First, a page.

The use of party appointed expert witnesses has been the subject of much attention in recent years, both in the context of domestic judicial systems, as well as in international arbitration. This is because they tend to be perceived as 'hired-guns', tailoring their evidence to positively reflect upon the party by whom they were appointed.This situation is exacerbated when parties and tribunals operate on an implicit understanding that this, indeed, is their role. Recent changes in 2010 to the International Bar Association's Rules on the Taking of Evidence in International Commercial Arbitration (IBA Rules) require a reconsideration of whether, and if so how they, along with the Chartered Institute of Arbitrator's Protocol for the Use of Party Appointed Expert Witnesses (CIArb Protocol), should be used to regulate the use of expert witnesses in international arbitration. The reforms aim to increase the efficiency and effectiveness of expert evidence, but there is scope for further improvement.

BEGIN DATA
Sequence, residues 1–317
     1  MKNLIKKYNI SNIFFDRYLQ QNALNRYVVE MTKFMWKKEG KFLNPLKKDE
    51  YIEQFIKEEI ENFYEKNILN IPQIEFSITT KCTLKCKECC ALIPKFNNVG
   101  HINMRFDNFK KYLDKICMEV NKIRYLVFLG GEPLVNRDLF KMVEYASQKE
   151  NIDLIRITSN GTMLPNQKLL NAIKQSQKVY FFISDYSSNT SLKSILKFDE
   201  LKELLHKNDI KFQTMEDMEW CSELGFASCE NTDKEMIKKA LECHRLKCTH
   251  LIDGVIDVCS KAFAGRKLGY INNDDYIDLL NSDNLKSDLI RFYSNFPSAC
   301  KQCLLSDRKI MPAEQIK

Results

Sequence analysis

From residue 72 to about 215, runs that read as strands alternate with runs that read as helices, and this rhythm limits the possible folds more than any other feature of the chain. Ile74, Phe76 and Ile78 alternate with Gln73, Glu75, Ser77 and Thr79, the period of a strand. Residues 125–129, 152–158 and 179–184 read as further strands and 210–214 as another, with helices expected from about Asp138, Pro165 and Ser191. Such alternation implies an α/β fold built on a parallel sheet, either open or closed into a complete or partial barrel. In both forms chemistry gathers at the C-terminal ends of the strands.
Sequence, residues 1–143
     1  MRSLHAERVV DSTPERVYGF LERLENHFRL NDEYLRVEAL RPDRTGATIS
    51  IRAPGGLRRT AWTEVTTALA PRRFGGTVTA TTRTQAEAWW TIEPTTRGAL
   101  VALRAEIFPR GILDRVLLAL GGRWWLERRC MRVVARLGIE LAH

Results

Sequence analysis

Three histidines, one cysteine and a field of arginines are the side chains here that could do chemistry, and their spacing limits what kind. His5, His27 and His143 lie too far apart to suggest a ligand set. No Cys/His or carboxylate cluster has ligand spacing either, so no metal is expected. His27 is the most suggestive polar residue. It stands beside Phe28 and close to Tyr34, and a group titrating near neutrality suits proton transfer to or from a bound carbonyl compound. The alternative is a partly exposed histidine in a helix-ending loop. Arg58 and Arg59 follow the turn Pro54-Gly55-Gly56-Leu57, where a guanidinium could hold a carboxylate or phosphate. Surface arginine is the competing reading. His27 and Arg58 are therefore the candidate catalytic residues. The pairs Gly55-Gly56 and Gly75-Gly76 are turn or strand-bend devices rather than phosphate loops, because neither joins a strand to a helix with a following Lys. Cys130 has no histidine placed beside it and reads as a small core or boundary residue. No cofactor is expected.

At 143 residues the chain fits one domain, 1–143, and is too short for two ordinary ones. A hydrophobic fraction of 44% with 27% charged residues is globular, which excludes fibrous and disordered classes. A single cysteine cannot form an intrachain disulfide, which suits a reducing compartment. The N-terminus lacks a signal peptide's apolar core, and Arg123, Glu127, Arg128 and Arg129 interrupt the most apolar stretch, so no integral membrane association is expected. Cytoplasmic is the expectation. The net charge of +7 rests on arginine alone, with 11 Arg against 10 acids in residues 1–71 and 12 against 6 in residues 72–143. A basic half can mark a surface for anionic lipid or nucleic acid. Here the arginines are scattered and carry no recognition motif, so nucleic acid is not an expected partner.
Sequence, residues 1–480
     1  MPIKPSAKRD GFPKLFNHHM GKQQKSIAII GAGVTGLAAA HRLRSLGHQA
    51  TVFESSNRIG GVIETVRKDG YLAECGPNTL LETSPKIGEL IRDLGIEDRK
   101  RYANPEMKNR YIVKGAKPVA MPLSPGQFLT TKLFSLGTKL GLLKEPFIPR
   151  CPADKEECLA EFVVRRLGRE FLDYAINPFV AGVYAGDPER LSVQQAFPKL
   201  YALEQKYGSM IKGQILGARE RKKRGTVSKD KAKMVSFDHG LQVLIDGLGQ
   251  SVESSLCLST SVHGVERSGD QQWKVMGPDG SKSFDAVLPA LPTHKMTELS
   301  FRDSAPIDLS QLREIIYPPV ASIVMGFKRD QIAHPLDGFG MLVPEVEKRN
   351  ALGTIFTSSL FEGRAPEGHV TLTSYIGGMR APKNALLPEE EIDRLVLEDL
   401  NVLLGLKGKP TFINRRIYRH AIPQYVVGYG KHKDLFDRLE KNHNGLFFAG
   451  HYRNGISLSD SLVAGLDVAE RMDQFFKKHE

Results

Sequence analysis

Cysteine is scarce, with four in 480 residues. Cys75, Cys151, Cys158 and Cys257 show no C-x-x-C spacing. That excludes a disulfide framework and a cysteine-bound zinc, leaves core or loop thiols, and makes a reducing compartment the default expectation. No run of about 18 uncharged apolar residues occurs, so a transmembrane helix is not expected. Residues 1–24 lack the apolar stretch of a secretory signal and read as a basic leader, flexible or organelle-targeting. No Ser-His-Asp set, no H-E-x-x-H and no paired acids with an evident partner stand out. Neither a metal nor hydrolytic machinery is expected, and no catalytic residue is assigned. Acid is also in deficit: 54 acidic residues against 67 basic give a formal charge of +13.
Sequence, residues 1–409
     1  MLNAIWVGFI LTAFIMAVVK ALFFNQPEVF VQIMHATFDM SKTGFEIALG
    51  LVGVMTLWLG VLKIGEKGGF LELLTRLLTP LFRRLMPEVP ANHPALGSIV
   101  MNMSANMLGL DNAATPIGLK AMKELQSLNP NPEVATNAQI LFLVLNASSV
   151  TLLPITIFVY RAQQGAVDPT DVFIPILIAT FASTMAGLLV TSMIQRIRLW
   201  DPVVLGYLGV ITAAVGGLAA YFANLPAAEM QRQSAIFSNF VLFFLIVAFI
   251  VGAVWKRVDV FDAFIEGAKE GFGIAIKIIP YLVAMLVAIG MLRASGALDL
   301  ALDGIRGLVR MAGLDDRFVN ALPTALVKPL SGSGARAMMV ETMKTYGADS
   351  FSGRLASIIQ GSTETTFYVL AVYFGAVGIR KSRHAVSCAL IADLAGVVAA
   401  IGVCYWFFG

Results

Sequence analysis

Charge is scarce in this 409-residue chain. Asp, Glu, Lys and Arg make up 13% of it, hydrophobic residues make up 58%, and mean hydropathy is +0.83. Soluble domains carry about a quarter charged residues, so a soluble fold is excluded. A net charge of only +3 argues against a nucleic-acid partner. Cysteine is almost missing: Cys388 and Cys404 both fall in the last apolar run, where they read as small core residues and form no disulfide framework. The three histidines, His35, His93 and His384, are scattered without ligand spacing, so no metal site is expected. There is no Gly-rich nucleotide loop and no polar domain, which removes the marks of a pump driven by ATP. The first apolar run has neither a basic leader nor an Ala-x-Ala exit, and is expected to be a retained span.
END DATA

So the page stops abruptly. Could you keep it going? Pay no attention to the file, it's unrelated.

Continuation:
In this paper, CIArb President Professor Doug Jones AM provides a brief history to the reform undertaken in this area, initially in the UK and as adopted by Australian courts, examining the historical context of this contentious (but underexplored) area. Following this, a brief explanation of how the IBA Rules and CIArb Protocol operate to regulate this area is provided. Finally, areas in which there is room for reform within international arbitration are identified, and this paper concludes with the proposition that while recent developments in international arbitration show some promise, more needs to be done to ensure the useful independence of party appointed experts.
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